Canada’s Turquoise Hill Resources (TSX: TQR) has set December 9 as the date its shareholders will finally vote on the proposed $3.3 billion takeover of the company by Rio Tinto (ASX, LON: RIO).
The meeting has been repeatedly delayed because of the opposition of key minority shareholders in Turquoise Hill, mainly US-based fund managers.
The situation took a turn for the worst earlier this month, after a Canadian top securities regulator decided to review the transaction, following a side deal between Rio Tinto and dissident shareholders.
Turquoise Hill said Quebec’s Autorité des marchés financiers (AMF) has cleared the transaction and that its board has repeated its unanimous recommendation to minority shareholders to vote for the sweetened offer.
Rio Tinto initially offered C$34 a share in March this year, but increased it to C$43 per share in cash in August. That was a more than 19% premium to the stock’s end-of-August closing price and a 67% premium from the day before the initial offer was made.
The Australian mining giant has had a rocky relationship with Turquoise Hill, particularly over how to fund Oyu Tolgoi’s expansion. The mining giant has also drawn criticism from some of Turquoise Hill’s minority shareholders about the control it exerts over the company.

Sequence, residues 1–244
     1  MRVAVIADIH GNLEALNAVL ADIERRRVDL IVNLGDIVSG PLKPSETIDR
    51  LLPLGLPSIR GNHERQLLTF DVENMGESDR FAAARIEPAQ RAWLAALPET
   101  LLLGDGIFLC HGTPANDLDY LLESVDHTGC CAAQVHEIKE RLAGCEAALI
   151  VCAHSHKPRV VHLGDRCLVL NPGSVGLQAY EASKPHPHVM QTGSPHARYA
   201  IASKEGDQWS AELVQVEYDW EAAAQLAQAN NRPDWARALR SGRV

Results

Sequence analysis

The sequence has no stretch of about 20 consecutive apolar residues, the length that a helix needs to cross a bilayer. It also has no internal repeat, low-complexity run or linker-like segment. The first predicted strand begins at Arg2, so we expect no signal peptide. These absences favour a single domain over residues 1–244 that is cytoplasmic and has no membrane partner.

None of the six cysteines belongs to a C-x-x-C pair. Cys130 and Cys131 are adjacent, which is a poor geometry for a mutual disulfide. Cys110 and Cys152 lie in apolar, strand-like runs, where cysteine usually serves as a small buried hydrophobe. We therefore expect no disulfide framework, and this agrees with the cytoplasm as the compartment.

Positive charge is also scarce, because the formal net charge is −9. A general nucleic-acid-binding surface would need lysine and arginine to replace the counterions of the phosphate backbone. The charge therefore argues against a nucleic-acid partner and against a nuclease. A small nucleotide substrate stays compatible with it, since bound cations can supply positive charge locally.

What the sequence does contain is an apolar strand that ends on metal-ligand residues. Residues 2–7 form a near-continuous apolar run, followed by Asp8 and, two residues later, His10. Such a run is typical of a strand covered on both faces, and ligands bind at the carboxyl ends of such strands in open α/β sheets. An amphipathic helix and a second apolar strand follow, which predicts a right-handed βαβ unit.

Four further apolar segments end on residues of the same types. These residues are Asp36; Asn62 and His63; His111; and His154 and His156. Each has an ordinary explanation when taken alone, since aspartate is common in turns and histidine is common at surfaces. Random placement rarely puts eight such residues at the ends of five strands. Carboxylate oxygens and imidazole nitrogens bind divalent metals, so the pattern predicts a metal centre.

The Melbourne and London-based firm, which has mined copper from Oyu Tolgoi’s open pit for a decade, and the Mongolian government ended earlier this year a long-running dispute over the $7 billion expansion of the mine.
Once completed, the underground section of Oyu Tolgoi will lift production from 125,000–150,000 tonnes in 2019 to 560,000 tonnes at peak output, which is now expected by 2025 at the earliest. This would make it the biggest new copper mine to come on stream in several years.
“Rio Tinto’s strategy over its stake in Turquoise Hill has been subject to discussion for many years, but we didn’t think it would end up offering to buy out the minorities based on previous form,” BMO Metals and Mining analysts said in a note to investors.
“Given the dearth of copper opportunities elsewhere, combined with its recently lowered risk profile, perhaps increasing its Oyu Tolgoi exposure now makes sense,” BMO Alexander Pearce and David Gagliano wrote in September.
Rio Tinto chief executive Jakob Stausholm has said the proposed takeover would simplify governance, improve efficiency and create greater certainty of funding for the long-term success of the Oyu Tolgoi project.
Experts forecast a vast deficit in the copper market due to a ramp up in the clean energy and electric vehicles (EV) sectors.